Distractions in Prayer
I have been asked to say something about my battle for prayer and, in particular, what distractions I have, how I cope with dryness and temptations I face in prayer, and how I overcome them.
In spite of the invitation, I do not think my readers would want to be bored to tears by an account of what goes on in my head during prayer! Distractions are my unfailing companions at prayer; but I have learned that prayer doesn't go on in the head, in the brain-box, but in that secret heart that is choosing to pray and to remain in prayer no matter what it feels like or seems like to me. I am totally convinced that our God. the God we see in Jesus, is all-Love, all-Compassion and, what is more, is all-Gift; is always offering God's own Self as our perfect fulfilment. I believe, through Jesus, that we were made for this and that it is divine Love's passion to bring it to perfect fulfilment in us.
So when I set myself to pray I am basing myself on this faith and refuse to let it go. I just take it for granted that, because God is the God of Jesus, all-Love, who fulfils every promise, this work of love is going on, purifying and gradually transforming me. What I actually experience on my conscious level is quite unimportant. In fact I experience nothing except my poor, distracted self.
It is a case of blind trust; not a desperate trust, but the sort of brazen, unshakeable trust a child has in good parents. I see nothing of what is going on, of whether the inner garden is beautiful and blooming or not, and have given up all desire to see it because I want God to have it all.
You see, that means I can never have any illusion that whatever has happened and is happening in me is my achievement. My part, that little bit that I can do, is simply never to be discouraged, never to give up even for a few minutes, no matter how disgusted with myself I feel, no matter if I have allowed my mind to dwell on what pleased me instead of looking into the Nothing which faith assures me is All. I go on refusing to take my head off God's breast (I'm thinking here of Rembrandt's painting of the Prodigal Son with his head pressed to his father's heart), and I believe that this obstinate, blind trust is what Our Lord wants more than anything else.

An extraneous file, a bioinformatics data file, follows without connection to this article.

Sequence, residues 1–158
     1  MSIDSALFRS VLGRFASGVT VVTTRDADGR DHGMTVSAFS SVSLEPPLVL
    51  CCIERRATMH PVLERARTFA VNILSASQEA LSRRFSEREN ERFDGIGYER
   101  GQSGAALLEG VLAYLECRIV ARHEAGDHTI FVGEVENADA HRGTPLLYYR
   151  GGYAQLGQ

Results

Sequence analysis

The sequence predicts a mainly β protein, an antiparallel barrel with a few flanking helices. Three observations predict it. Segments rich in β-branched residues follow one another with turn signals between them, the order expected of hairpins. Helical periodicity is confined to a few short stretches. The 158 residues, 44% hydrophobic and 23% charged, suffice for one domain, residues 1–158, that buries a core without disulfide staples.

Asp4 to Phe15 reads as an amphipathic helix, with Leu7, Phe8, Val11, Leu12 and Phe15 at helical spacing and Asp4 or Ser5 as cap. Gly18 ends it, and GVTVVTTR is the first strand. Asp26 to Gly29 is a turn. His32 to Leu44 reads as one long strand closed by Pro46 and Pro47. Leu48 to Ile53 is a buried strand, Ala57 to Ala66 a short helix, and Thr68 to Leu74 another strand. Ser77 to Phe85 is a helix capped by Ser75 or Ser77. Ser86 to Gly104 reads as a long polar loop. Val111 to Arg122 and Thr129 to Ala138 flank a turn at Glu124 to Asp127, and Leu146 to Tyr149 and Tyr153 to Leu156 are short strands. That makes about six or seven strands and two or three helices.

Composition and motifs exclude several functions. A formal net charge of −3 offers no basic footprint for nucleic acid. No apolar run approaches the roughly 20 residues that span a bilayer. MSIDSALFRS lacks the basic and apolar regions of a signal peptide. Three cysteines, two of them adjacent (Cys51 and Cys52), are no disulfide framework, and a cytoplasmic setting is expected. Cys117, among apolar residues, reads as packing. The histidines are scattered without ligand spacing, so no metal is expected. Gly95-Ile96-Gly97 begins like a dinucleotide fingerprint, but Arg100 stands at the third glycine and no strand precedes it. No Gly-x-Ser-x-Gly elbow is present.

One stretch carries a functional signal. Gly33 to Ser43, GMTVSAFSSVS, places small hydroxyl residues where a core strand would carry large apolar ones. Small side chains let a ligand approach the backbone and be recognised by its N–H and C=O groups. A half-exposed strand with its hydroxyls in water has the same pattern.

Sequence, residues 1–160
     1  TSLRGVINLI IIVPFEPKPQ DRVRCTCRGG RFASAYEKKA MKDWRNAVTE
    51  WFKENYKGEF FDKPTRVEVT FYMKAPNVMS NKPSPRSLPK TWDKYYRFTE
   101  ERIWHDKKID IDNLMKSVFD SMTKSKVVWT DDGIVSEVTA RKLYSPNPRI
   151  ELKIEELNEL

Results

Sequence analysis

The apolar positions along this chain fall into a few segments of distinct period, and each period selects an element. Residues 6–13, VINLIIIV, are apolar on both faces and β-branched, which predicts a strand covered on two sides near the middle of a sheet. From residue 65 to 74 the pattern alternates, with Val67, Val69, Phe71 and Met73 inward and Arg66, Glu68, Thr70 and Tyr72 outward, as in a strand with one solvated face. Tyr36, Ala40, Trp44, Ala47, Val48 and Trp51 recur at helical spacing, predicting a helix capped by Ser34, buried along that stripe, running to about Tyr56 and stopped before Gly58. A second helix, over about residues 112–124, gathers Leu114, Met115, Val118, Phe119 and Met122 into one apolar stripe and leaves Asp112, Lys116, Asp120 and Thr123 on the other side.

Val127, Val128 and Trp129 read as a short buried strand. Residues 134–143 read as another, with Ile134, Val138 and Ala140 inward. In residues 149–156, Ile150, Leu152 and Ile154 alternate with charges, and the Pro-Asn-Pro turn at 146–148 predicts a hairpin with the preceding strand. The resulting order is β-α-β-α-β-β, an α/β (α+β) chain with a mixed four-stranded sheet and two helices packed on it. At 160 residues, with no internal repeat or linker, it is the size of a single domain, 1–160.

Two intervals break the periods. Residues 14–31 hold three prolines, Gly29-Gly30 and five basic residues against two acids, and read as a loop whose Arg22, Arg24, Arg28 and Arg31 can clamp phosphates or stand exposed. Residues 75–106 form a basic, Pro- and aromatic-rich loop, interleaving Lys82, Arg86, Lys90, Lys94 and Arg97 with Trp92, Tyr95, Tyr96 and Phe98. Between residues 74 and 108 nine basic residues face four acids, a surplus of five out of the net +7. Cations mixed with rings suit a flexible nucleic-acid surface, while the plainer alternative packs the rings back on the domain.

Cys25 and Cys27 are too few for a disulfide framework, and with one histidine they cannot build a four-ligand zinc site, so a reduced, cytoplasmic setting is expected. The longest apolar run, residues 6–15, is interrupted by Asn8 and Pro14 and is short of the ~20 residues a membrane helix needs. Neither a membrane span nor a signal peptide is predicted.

I have learned that prayer doesn't go on in the head, in the brain-box, but in that secret heart that is choosing to pray and to remain in prayer no matter what it feels like or seems like to me.
So, I admit that there is a temptation to anxiety and discouragement. It could never lead me to give up prayer but I could waste time on it, dwelling on myself rather than throwing myself on God's love. Formerly, it could have prompted me to seek some other way of going about prayer that would ensure that this endlessly clacking mill of mine had plenty to occupy it, but I have come to understand that, for me, it would be a way of hiding from God, hiding my own spiritual inadequacy from myself.
Real prayer is utterly truthful. This is what makes it hard. We have to be there before God as we really are, maybe upset, angry, worried, emotionally at sixes and sevens. This is the self I set in God's loving gaze; this is the little creature He loves and has to deal with. In this way, what are usually thought of as temptations are all turned into real prayer.
From Essence of Prayer, by Ruth Burrows